Since I was a little girl I have had thoughts of matching couples together. This is likely due to an inner child of 6 years – which is probably about the time I was first abused and was before my parents decided to give up on their marriage and divorce. They divorced when I was about ten years old.
As any six-year-old I was prone to magical thinking and often extended that feeling in myself by matching so and so with so and so. Most times that remained a thought in my brain. On occasion I would share that information. But for the most part, it would just be a cycle of thought inside myself that was nice to consider.
I tend to continue to do this today from time to time. Call it the magical thoughts of a six-year-old? Or just the desire that everyone I care about is in a relationship where they can love and be loved, appreciated and understood?
Does anyone else have the tendency to match people who they know but may not know each other?
My last blog post referenced those with mental illness and addiction issues under the same umbrella of “behavioral health.” A fellow blogger had the insight to question use of the term “behavioral health” which is used widely in the US but perhaps not elsewhere. She is at: https://mentalhealthathome.org.
The challenge for me is finding a term that includes mental illness and addiction in the same breath. At first glance “behavioral health” does that – include mental health and addiction diagnoses. But as my fellow blogger and friend pointed out “behavioral health” is a weird way of describing mental illness and addiction. The use of the term “behavioral health” seems to imply that all that us mental illness or substance abuse sufferers need to do is change our behavior and all will be well.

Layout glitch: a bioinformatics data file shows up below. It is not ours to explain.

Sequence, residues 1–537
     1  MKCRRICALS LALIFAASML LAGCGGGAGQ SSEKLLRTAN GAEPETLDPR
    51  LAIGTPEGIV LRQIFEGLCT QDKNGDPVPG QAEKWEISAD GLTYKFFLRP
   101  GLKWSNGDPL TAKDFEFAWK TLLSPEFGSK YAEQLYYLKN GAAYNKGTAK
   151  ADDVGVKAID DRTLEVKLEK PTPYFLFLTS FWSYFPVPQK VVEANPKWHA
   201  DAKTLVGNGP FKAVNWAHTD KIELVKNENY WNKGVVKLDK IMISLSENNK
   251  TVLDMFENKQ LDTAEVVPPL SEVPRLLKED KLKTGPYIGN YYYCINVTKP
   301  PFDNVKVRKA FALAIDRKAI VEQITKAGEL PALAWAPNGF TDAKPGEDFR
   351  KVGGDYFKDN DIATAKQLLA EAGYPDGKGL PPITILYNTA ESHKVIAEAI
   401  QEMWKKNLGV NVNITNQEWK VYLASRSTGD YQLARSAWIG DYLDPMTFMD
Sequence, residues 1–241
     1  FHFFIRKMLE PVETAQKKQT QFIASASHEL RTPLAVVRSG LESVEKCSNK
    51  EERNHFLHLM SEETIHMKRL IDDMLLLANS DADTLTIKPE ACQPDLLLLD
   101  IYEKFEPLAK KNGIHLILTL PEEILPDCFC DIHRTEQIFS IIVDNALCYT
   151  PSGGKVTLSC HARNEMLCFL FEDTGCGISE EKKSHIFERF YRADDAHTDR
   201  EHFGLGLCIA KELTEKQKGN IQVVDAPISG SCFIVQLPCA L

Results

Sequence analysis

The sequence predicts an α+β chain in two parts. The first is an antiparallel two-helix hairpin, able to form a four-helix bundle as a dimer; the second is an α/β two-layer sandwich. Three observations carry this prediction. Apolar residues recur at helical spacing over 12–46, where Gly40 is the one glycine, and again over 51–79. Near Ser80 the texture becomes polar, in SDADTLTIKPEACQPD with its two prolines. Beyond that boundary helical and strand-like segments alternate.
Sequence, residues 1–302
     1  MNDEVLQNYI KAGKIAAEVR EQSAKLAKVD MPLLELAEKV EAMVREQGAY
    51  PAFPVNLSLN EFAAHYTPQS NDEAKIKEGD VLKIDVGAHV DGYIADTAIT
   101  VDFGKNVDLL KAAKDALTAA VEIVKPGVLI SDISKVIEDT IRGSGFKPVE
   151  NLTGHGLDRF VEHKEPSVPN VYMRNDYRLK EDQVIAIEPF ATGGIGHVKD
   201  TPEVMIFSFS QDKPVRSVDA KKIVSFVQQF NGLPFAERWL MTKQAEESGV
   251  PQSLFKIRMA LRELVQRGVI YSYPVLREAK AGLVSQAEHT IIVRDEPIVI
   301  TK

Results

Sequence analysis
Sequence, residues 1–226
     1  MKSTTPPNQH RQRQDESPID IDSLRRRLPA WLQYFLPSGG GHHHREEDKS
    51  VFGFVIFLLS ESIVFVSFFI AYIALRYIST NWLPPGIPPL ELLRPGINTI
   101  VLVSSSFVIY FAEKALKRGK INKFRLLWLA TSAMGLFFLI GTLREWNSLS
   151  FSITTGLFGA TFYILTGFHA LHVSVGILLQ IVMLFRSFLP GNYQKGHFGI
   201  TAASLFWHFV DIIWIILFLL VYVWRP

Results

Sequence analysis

Further, the term “behavioral health” does not include the more common understanding that both mental illness and addiction are associated with or caused by a chemical imbalance in the brain. The chemical imbalance is clearly an illness.
While there is room for behavioral change in any illness diagnosis including cancer and heart disease, the idea that a diagnosis can be reversed through behavioral change is missing the point. If I have heart disease, I can change my diet and exercise regime. If I have cancer, I can also adopt a healthier diet and exercise. However, my diagnosis of heart disease or cancer is not defined by my behavior. It is defined by the diagnosis and prognosis of the illness itself. If you are dying of heart disease or cancer, no one says “change your behavior and all will be well.”
So why should we term mental illness and addiction as “behavioral” issues? The key to understanding mental illness and addiction is in understanding there is a chemical malfunction in the brain. Sure, you can mitigate this some with behavioral changes, but that does not mean that mental illness and addiction are explained best by our behaviors or changes to our behaviors.
What are your thoughts on using the term “behavioral health?” Is there another term you choose to use to describe mental illness and addiction?
This is a question for folks who have a mood disorder including bipolar illness. For the last several years I have been experiencing mild to moderate memory issues. I have chalked it up to strong psyche meds and basically have not worried about it much. What is the most difficult is that sometimes I forget where I put things. It seems worse for short-term items than long-term items and so far is manageable. It seems worse in the age of covid-19 than before March 2020.